The West Virginia Supreme Court ruled Mardi Gras Casino isn’t guilty of discrimination after it fired a 540-lbs. blackjack dealer for being physically unable to wear his uniform in accordance with the casino’s dress code and lingering in public areas during breaks. The dealer, identified only as “Andrew O.,” said he’s been struggling with his weight since he was 12 years old, and has a thyroid condition that’s contributed to his obesity.
According to The Charleston Daily Mail, “When the casino was unable to find a shirt to fit Andrew O., he found one online in a size 7X and a Mardi Gras seamstress altered it even more to fit. However, he was still unable to get it tucked in or button the cuffs,” which were mandatory parts of his uniform.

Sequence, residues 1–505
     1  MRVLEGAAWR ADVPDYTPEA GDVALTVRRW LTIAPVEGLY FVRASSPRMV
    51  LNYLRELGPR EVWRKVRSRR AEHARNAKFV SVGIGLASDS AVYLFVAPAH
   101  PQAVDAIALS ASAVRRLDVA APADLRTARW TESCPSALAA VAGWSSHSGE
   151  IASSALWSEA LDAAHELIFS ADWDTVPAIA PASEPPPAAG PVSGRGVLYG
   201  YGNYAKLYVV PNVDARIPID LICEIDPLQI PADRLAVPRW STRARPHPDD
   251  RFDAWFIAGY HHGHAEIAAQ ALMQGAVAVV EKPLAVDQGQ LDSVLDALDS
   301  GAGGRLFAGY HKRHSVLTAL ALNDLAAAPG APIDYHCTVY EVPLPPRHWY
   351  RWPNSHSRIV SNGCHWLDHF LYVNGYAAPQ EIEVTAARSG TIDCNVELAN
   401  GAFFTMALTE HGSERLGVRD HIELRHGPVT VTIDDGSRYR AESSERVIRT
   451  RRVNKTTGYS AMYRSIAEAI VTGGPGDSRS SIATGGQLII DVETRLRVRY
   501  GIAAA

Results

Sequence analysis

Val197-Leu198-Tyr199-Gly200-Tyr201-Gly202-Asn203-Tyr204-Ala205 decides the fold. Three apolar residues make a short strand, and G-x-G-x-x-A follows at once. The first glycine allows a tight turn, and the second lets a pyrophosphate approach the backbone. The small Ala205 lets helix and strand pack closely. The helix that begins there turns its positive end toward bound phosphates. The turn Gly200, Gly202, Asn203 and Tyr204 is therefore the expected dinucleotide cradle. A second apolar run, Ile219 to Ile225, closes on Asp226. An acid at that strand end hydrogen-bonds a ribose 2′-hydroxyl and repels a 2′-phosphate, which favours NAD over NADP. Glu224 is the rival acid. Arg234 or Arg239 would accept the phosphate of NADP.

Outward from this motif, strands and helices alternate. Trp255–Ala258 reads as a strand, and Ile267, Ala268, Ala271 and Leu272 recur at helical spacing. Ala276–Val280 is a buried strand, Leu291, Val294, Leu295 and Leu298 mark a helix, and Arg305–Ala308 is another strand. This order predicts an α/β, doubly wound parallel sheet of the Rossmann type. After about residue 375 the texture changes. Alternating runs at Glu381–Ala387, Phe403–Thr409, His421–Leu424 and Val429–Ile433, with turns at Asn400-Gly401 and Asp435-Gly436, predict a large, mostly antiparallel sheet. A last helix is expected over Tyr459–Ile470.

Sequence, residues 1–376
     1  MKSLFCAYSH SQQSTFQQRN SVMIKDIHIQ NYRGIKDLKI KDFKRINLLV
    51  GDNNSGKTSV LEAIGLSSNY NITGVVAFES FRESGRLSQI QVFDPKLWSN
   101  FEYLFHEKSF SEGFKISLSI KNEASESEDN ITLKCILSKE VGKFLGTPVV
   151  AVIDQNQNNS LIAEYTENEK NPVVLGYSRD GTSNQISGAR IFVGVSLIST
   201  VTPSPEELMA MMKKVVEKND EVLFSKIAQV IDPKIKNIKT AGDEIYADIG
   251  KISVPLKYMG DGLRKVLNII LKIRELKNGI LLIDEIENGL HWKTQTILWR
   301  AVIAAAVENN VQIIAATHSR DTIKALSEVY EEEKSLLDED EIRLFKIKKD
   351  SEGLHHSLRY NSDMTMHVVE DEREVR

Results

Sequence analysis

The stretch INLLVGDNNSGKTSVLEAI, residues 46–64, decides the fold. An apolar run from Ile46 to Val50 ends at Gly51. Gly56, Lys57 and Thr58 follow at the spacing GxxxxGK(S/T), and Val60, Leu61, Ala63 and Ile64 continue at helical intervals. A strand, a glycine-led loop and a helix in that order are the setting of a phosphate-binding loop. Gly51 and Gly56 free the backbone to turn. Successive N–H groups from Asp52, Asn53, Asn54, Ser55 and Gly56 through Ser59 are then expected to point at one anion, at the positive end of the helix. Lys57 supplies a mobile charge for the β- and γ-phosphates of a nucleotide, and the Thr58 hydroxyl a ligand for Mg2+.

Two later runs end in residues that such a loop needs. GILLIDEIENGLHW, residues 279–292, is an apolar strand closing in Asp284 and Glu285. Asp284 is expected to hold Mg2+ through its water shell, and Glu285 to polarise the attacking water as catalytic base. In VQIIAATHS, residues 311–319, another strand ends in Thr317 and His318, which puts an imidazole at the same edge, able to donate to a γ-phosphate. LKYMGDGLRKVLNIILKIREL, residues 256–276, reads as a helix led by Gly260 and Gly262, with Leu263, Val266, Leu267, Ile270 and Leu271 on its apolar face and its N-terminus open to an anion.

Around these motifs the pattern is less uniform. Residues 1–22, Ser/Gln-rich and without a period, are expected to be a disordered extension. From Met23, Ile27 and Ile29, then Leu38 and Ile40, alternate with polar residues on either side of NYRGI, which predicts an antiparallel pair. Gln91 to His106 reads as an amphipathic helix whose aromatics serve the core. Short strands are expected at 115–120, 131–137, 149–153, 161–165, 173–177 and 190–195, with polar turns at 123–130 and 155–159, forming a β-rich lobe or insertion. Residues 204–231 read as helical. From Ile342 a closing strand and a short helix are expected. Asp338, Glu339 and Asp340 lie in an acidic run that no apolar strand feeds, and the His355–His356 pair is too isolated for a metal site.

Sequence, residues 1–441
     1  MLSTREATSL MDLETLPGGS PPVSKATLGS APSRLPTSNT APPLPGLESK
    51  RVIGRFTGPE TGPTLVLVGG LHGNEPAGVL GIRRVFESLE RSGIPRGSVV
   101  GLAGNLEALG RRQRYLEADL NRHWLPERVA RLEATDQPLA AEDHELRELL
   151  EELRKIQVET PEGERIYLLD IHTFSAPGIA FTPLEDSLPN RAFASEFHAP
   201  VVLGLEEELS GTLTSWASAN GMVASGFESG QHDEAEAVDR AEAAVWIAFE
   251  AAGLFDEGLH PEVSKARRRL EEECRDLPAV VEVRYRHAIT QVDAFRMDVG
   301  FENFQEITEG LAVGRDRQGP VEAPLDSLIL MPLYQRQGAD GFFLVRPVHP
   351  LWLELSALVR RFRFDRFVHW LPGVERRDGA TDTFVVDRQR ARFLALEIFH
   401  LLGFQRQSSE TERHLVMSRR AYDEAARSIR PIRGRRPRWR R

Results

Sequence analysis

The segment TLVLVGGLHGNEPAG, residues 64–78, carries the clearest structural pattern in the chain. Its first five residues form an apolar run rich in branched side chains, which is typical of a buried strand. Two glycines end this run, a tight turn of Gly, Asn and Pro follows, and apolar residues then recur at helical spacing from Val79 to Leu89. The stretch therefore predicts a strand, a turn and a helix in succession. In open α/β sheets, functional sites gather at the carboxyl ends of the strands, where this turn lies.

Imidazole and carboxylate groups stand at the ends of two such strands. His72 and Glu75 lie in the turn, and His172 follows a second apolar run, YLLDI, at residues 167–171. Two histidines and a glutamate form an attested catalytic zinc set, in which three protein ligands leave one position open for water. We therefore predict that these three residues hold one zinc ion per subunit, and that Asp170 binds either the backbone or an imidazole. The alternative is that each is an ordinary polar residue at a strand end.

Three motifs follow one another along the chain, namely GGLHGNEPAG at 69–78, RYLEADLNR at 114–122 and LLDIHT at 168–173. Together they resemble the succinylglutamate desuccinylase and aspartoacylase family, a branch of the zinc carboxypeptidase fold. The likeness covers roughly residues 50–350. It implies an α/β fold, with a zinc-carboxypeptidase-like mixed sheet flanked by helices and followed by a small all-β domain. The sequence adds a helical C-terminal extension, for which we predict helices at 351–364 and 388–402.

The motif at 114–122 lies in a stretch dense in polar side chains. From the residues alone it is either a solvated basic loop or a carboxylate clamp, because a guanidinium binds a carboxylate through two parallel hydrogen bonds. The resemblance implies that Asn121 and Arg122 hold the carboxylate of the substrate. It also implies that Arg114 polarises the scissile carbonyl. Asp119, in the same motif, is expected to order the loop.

The report continued, “Also because of his weight, he was unable to walk to the employee break area in the 25 minutes allotted without "wearing out." He was then provided an alternate break area. His weight also made standing for long periods difficult and he was given a wheelchair-accessible blackjack table so he could sit down.”
The circuit court that heard the case ruled in favor of the casino, and the Supreme Court did too, holding that the West Virginia Human Rights Act doesn’t give specific protection to obese men and women.
Employment Law Daily agreed with the verdict, explaining, “The lower court correctly found these reasons wholly unrelated to the employee’s obesity, particularly given that the hirer and firer were the same individual, and the termination came within a relatively short period of time after the initial hire. Under these circumstances, the law allows for a strong inference that discrimination was not a determining factor in the adverse action. Because that inference applied here, summary judgment for the casino was affirmed.”